Friday, May 15

Nitric oxide, testosterone: Is this virus trying to tell us something? UPDATED

About 10 days ago the Daily Mail reported German doctors had found that male Covid patients with low testosterone were more likely to die from the virus. (See the report, below.) Today the Daily Mail reported that some scientists are saying testosterone itself could be the culprit in higher Covid deaths among males..

The research on the virus is still all over the place. It's the same with research on nitric oxide booster supplements and claims for the supplements' benefits. For example a study at MIT published in 2013 found that drugs that block nitric oxide could weaken cancer cells’ resistance to chemotherapy. Other studies laud the benefits of NO. 

If you are among the millions who use all kinds of supplements to ward off illnesses and the worst effects of aging, nobody should need to tell you that you're using yourself as a guinea pig. 

As Dr Barry Sears observed years ago, the taking of melatonin supplements, available without prescription, represents the largest uncontrolled medical experiment in history. It's the same with nitric oxide boosters; taking them is still a pioneering effort. 

Sunlight, however, is not only a 'natural' way to boost one's nitric oxide and testosterone levels, which clearly nosedive during aging, it's also free.

In short, do your homework and proceed with caution when taking any supplement, including NO and testosterone boosters.   

Indonesians take up sunbathing. Will wonders never cease?

Daily Mail: 

Nitric oxide could reduce COVID-19: "It's already being used to treat patients with lung failure"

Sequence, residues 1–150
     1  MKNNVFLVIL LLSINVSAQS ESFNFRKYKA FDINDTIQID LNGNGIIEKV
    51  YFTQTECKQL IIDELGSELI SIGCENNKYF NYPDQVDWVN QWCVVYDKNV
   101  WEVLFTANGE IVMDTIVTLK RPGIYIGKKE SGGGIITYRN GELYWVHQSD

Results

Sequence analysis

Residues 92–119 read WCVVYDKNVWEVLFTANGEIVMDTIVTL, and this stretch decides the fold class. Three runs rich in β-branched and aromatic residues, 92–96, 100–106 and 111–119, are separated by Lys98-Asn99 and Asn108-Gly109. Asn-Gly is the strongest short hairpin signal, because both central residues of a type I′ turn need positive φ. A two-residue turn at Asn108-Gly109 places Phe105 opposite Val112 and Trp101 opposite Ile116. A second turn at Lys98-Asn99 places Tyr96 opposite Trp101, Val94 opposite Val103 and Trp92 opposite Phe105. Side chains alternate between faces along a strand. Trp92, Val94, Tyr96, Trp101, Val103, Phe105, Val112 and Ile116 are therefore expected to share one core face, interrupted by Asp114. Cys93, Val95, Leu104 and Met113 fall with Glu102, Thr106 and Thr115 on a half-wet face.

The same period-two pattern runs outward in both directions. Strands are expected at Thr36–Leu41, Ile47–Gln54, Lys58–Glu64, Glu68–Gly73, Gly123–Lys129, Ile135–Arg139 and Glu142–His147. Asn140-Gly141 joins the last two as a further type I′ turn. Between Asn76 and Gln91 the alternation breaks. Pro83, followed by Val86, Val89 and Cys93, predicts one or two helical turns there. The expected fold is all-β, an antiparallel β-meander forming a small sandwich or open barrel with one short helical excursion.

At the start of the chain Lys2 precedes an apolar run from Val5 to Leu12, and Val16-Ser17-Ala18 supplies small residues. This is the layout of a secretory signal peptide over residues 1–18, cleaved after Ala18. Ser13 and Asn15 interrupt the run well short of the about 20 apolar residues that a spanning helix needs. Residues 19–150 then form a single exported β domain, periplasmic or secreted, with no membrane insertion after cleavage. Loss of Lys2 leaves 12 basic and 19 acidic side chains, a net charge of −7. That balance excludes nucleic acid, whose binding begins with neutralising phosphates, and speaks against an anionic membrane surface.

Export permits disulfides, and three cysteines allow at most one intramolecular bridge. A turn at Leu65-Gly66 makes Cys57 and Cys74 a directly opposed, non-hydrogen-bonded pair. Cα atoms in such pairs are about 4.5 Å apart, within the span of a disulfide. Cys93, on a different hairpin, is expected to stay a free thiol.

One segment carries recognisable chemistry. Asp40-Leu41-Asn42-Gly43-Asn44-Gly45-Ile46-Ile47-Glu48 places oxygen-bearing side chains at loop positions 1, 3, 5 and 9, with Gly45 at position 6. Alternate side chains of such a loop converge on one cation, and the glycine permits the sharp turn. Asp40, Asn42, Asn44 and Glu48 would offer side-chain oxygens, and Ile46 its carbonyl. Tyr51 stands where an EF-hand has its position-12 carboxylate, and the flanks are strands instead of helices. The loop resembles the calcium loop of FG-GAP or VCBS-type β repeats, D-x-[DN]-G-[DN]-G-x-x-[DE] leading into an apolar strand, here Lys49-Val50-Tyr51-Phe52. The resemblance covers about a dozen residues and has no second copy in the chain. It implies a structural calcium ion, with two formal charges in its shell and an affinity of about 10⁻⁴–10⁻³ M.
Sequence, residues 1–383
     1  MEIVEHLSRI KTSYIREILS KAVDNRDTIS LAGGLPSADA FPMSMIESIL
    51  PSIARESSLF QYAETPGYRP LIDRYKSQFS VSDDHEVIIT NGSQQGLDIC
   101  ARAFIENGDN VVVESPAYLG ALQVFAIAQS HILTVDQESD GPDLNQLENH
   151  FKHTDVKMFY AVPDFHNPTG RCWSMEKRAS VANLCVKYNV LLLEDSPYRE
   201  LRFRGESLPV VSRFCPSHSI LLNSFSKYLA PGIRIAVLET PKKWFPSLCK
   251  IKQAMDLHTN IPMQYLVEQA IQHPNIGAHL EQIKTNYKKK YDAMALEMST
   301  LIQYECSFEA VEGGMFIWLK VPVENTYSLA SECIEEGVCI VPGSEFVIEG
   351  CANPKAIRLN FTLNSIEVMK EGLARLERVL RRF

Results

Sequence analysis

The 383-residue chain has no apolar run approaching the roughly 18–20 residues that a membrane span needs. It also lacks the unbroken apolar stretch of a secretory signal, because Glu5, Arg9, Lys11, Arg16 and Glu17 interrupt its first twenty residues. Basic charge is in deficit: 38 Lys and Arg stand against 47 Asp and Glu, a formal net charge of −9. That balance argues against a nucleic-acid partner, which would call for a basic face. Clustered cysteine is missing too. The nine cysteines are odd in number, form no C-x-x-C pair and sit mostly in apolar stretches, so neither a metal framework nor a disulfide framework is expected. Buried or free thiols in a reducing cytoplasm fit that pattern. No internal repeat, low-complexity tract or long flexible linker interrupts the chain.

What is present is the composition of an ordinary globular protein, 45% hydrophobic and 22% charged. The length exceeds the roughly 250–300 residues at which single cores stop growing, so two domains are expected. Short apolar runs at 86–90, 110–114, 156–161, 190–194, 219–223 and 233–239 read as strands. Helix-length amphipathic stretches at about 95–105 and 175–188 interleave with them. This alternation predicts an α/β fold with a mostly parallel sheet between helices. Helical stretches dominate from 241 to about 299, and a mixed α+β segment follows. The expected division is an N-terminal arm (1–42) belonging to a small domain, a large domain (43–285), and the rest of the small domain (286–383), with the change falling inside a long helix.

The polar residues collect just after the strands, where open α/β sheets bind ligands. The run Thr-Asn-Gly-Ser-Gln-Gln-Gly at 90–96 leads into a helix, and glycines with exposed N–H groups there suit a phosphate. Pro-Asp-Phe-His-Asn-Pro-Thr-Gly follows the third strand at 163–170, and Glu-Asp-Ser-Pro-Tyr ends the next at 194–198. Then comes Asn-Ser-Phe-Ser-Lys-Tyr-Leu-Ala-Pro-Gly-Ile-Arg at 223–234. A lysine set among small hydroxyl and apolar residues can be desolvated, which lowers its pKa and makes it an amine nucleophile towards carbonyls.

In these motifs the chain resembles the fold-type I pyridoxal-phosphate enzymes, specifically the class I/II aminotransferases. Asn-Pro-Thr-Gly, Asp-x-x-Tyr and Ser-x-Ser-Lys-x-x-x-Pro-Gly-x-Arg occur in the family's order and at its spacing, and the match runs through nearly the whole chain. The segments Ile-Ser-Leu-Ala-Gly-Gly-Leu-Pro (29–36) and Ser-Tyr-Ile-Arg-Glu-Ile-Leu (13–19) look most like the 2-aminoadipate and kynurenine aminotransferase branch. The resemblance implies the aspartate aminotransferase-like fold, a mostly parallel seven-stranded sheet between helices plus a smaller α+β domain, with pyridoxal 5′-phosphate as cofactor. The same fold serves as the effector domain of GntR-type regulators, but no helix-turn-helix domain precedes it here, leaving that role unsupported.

Inhaled Nitric Oxide Explored for COVID-19 Oxygenation

For gravely ill Covid patients, I guess there's no harm in inhaling nitric oxide gas. But the human body makes and stores the nitric oxide (NO) gas, and releases it on demand. 

From the Sunlight Institute:
"Ultraviolet A (UVA) light (part of sunlight) stimulation of the skin causes the release of nitric oxide (NO) from pre-formed stores of NO in the skin. NO is a potent vasodilator, and when released into the arteries by UVA stimulation, causes increased blood flow and lowered blood pressure."
So instead of fooling around with inhaling the gas, why not do something radical and get out in the sunlight? 

As soon as sunlight hits the skin, this tells the body to make or release nitric oxide, which gives the energy needed to do physical labor. The effect is transient -- about 20 minutes, if I recall from what I read about it, but if you're in the sunlight hours a day, then of course the body keeps making the NO.

From what I've read, I think the body's ability to make nitric oxide decreases with age; that would make sense because old people aren't expected to do hard labor. But thanks to the wonders of biochemistry, there are non-prescription supplements that boost the body's nitric oxide level.  

And many vegetables boost the level. Thus, the fad for beets and beet-based supplements, but actually beets don't even make it into the top five of NO-booster foodstuffs. You'll never guess what's Number 1. Arugula.